Wellbeing is big in politics at the moment – or perhaps it’s better known as the happiness agenda. It’s a long time since David Cameron talked about replacing GDP as a metric with a happiness index, but it’s still a live issue in politics. Last week the British Academy and Prospect hosted an event with some pretty eminent speakers including Gus O’Donnell and David Halpern.
As an agenda, wellbeing is meant to open out new ways of thinking about politics. What I was struck by, though, was the how the debate was conducted in very much the same terms as any other. Perhaps inevitably given the backgrounds of most of the speakers, this ended up being a very technocratic discussion. The audience certainly didn’t seem to be at odds with this approach, with one comment from the floor stressing the need for a wellbeing ‘number’ to rival GDP.
It might seem that such a proposal seeks to fundamentally change how we approach and judge politics, but in fact it’s merely an echo of a well-established (and perhaps discredited?) mode of politics. All through O’Donnell’s talk I was thinking about how much this was the worldview of a New Labour era technocrat. He was talking about the importance of cost-benefit analysis, and how wellbeing ought to be included in such analyses, through approaches such as social return on investment tools.
My perspective is slightly different, having seen inside the sausage machine. All those claims about how much £1 spent on drug treatment saves the public are reliant on locally-generated data and cost estimates. These might be in right ballpark, but they make me question the ability of them to inform marginal decisions about what to fund or what policy to implement.
And GOD (as O’Donnell was known) seemed to realise this too, casting doubt on the figures used to calculate the savings HS2 will generate.
There have been well-documented issues with government by ‘numbers’, and I would have thought that the real potential opportunity the concept of ‘wellbeing’ offers is to rethink fundamentally how we approach political issues. The problem with GDP as I see it is that it is a single number with little nuance. To replace it with another single number would strike me as just as misguided.
And of course most politicians haven’t focused simply on GDP. It’s certainly a useful figure, but inequality is often also discussed, as are unemployment figures. The fact is that politicians will always be looking for a figure that strengthens their case and position.
Wellbeing in this world isn’t an opportunity to fundamentally remodel politics; it’s a conceptual device to promote existing opinions. Nic Marks, for example, at this event used wellbeing to argue that localism and further devolution of power was a good idea. Personally, I can’t see what wellbeing adds to this debate – and I certainly can’t see that being pro-wellbeing should make you a localist. I can imagine lots of public health advocates claiming that they believe in the importance of wellbeing and also noting the importance of national and international policy decisions on issues like alcohol. Minimum unit pricing only really makes sense as a national policy, for example. I’m not sure O’Donnell, with his view of policymaking and desire for a national wellbeing index, would agree with Marks either.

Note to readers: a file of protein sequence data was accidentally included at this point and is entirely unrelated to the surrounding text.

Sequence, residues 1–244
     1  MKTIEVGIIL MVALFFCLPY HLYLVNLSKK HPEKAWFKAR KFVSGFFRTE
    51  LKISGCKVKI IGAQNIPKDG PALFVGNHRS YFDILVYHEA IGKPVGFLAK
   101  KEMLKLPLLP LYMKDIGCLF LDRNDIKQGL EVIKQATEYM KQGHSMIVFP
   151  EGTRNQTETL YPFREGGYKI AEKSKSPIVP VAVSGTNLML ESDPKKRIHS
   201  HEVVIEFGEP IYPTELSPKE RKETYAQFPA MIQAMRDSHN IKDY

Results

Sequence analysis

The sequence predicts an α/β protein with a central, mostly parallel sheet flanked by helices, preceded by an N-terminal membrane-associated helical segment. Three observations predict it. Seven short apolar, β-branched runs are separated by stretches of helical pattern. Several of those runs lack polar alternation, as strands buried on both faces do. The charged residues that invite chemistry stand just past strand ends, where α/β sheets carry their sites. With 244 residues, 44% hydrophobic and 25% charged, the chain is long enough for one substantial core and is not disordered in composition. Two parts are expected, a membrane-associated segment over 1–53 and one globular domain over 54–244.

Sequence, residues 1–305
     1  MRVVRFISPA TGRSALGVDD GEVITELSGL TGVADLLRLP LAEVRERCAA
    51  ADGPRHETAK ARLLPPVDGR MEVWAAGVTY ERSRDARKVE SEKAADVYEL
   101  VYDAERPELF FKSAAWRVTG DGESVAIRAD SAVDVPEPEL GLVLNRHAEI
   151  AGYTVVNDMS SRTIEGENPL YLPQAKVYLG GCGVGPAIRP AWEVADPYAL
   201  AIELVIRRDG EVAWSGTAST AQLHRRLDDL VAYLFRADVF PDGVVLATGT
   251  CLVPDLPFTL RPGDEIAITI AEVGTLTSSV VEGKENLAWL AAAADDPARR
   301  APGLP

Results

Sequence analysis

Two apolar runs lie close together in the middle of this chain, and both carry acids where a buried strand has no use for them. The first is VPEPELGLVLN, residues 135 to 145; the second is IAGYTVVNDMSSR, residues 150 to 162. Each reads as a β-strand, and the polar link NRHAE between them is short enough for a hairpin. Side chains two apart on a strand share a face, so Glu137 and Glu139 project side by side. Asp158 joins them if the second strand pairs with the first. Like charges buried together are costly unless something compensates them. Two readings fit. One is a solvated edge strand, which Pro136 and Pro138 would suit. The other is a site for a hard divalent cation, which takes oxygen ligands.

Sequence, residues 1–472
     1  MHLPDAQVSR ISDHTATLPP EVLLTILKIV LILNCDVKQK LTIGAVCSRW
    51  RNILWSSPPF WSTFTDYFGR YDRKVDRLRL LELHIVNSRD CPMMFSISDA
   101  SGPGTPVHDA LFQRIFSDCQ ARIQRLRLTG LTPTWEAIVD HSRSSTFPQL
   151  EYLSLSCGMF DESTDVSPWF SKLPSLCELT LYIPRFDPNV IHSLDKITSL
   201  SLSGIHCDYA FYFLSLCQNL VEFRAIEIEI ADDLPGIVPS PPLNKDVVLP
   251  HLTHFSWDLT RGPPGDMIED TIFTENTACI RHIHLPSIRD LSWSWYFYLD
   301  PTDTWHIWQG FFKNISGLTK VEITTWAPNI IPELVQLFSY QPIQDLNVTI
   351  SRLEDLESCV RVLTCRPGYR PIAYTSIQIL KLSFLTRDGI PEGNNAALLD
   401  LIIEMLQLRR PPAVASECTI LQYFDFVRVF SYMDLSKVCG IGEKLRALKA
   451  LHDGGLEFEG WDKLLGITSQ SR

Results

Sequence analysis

The most frustrating element of the event for me, though, was the lack of discussion around the potential role of a technocratic elite in making these decisions about what wellbeing might be and how it should be promoted. David Halpern, the founder of the Behavioural Insights Team (better known as the Nudge Unit) originally within the Cabinet Office, revealingly stated that we’re often not very good at predicting what will make use happy. He seemed to suggest that with better analysis and data we could get advice on making all sorts of decisions. But giving that kind of advice really does mean having an idea of ‘eudaimonia’ agreed by society. If analysts are to advise us on what makes us fulfilled, they’d surely need some kind of assumption about what fulfilment means for people in Britain.
And here’s the rub, and the key point of why GDP isn’t so bad after all – or, actually, why thinking in terms of money isn’t so bad. (And I’m in the uncomfortable position of having to agree with Chris Snowdon on this – see p.92 on the value of economic growth here.)
The attraction of money – unless you’re modelling yourself on Silas Marner prior to the arrival of Eppie – is that you can exchange it for things you want. You might spend £20,000 on a car. I would think that to be mad, but it might make you ‘happy’ and ‘fulfilled’, and increase your ‘wellbeing’. Money is a means to the end of individual fulfilment; wellbeing is that end – but to try to work out what it is for everyone seems to me to be a little fruitless.
Moreover, one of the dangers of focusing on wellbeing is that it misses the important point that money is a form of power. The panellists suggested that we needed to focus on people who didn’t have high wellbeing rather than people who weren’t well off, but that leads me to worry (and this isn’t a particularly original thought) that we would be ignoring legitimate questions about the justice of the distribution of society’s rewards. Money might not be everything, but it is something worth talking about.
Of course, politics isn’t – and shouldn’t be – simply about improving people’s financial lot, but the vision proposed at Senate House last Wednesday didn’t strike me as being any better. The idea of wellbeing foregrounds issues of values, and we shouldn’t duck debates about these by thinking we can somehow resolve issues with a new all-encompassing ‘number’.